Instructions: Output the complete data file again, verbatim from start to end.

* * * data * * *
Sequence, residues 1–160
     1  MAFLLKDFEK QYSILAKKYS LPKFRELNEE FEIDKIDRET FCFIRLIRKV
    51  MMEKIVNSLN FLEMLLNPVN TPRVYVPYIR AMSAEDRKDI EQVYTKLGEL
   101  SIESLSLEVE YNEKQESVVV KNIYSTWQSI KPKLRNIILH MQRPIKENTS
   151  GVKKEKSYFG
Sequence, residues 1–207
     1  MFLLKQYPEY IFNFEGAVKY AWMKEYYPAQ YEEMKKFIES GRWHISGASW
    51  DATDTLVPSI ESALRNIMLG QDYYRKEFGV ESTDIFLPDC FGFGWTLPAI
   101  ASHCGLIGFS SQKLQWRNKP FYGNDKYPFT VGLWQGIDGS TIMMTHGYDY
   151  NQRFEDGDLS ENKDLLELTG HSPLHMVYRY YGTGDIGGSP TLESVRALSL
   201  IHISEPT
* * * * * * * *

Sequence, residues 1–160
     1  MAFLLKDFEK QYSILAKKYS LPKFRELNEE FEIDKIDRET FCFIRLIRKV
    51  MMEKIVNSLN FLEMLLNPVN TPRVYVPYIR AMSAEDRKDI EQVYTKLGEL
   101  SIESLSLEVE YNEKQESVVV KNIYSTWQSI KPKLRNIILH MQRPIKENTS
   151  GVKKEKSYFG
Sequence, residues 1–207
     1  MFLLKQYPEY IFNFEGAVKY AWMKEYYPAQ YEEMKKFIES GRWHISGASW
    51  DATDTLVPSI ESALRNIMLG QDYYRKEFGV ESTDIFLPDC FGFGWTLPAI
   101  ASHCGLIGFS SQKLQWRNKP FYGNDKYPFT VGLWQGIDGS TIMMTHGYDY
   151  NQRFEDGDLS ENKDLLELTG HSPLHMVYRY YGTGDIGGSP TLESVRALSL
   201  IHISEPT